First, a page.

Proper 27 – Year B

Ruth 3:1-5; 4:13-17; Psalm 127; (or 1 Kings 17:8-16; Psalm 146); Hebrews 9:24-28; Mark 12:38-44

“The test of our progress is not whether we add to the abundance of those who have much.  It is whether we provide enough to those who have little.” – Franklin D. Roosevelt

                What would we do with our last mite?  Why not give it away?  We could not buy anything with it anyhow.  (See Greek below)  Today’s Gospel has the memorable story of the widow’s mite.  While all the rich people gave from their left over money, from their surplus discretionary funds, this widow gave from her want, from her poverty, all she had.  Jesus praises her generosity and says that she has in effect given more than all the rich people.  This story is often used in churches during stewardship drives, asking us to give till it hurts.  Not a bad thing to do.  The widow’s mite story in isolation can be used in this way.  But today we do not have the story in isolation.  It is the second part of the reading.  In light of its introduction, using the story to speak of individual contributions is off message.  In part one Jesus sets the stage.  He speaks of those who love to be noticed in public, but in private “they devour the houses of widows.” (Mark 12:40)  In this context the dilemma that causes the poor to be destitute in the first place is addressed.  It would be noble to give the widow a meal so that she will not starve.  Jesus does not.  It would not solve the deeper cultural trouble.  Jesus then, and also today, is asking us to do something about the systemic problem.  Just because the solutions are all in the grey area should not make us shy away.  It is a political matter as Franklin D. Roosevelt well knew.  Those who say religion and politics should not mix are not hearing today’s Gospel message.  Those who say religion and money should not mix should note that money, more than any other topic, is common in the teaching and parables of Jesus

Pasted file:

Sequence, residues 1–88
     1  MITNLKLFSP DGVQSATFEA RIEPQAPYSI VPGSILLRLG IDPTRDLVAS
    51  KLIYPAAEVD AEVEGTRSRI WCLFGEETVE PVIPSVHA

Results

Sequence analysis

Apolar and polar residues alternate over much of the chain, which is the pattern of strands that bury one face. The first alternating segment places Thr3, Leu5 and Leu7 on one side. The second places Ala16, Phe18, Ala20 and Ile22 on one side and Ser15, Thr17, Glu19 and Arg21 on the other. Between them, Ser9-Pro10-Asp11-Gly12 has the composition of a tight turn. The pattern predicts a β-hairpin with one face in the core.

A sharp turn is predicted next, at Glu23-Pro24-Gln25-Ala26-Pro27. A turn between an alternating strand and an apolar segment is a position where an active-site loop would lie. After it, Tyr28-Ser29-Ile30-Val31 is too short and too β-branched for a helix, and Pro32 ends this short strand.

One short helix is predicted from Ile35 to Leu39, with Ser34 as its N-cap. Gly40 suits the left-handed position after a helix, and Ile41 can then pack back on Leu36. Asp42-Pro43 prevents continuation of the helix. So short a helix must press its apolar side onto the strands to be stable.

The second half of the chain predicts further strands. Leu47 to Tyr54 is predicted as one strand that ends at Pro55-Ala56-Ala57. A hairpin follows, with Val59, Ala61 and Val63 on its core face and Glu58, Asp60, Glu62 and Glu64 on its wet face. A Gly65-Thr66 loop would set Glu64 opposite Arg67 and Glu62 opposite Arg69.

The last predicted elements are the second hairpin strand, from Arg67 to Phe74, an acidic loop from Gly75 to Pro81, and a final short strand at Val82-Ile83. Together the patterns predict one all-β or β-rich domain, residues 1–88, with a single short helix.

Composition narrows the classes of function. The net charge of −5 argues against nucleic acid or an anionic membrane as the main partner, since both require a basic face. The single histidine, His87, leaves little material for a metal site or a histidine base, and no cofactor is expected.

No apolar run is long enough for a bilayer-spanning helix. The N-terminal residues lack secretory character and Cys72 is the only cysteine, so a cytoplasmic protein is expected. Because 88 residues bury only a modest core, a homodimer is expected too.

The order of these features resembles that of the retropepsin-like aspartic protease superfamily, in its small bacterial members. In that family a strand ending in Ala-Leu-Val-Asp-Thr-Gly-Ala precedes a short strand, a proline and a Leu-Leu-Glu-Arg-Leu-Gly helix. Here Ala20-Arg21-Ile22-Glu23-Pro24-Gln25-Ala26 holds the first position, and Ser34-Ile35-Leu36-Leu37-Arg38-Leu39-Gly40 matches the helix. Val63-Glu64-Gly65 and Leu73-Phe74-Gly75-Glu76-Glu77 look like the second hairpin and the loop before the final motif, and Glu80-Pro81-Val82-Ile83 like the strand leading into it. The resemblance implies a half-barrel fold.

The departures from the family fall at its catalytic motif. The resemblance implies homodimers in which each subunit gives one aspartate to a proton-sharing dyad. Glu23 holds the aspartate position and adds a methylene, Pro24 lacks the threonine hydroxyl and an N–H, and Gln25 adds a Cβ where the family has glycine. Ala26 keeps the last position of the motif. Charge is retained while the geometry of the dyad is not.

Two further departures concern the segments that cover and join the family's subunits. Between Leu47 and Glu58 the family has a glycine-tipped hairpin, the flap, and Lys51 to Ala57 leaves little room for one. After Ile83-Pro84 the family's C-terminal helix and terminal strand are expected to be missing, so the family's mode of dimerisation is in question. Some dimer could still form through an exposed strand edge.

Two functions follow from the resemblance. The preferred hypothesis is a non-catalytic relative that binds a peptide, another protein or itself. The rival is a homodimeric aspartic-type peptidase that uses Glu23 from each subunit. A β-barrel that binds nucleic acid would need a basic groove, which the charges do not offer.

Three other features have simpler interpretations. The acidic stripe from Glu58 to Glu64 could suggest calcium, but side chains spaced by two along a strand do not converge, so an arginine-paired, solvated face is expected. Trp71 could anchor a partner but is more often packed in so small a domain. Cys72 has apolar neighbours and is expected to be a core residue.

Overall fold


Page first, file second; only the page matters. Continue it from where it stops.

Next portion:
Greek

                What kind of money are we talking about here?  Mark 12:41 says that the rich were putting in copper coins in large amounts.  Oh, the sound and jingle they made.  The word used here does not tell us the value of each coin, only that they were copper or perhaps bronze.  Mark 12:42 says the widow put in two leptons (what the King James Version calls mites).  A lepton is equal to 1/2 quadrans or 1/128 of a denarius.  In other words, one would need 128 of these for a single day’s pay of a common laborer.  Even the whole day’s wage was not much, no minimum pay wage laws in those days.  Her two coins tossed into the treasury bucket would hardly sound a thud.

Haiku

Toss the mite away.

Free, free at last to trust God.

Grace is on the house.

 

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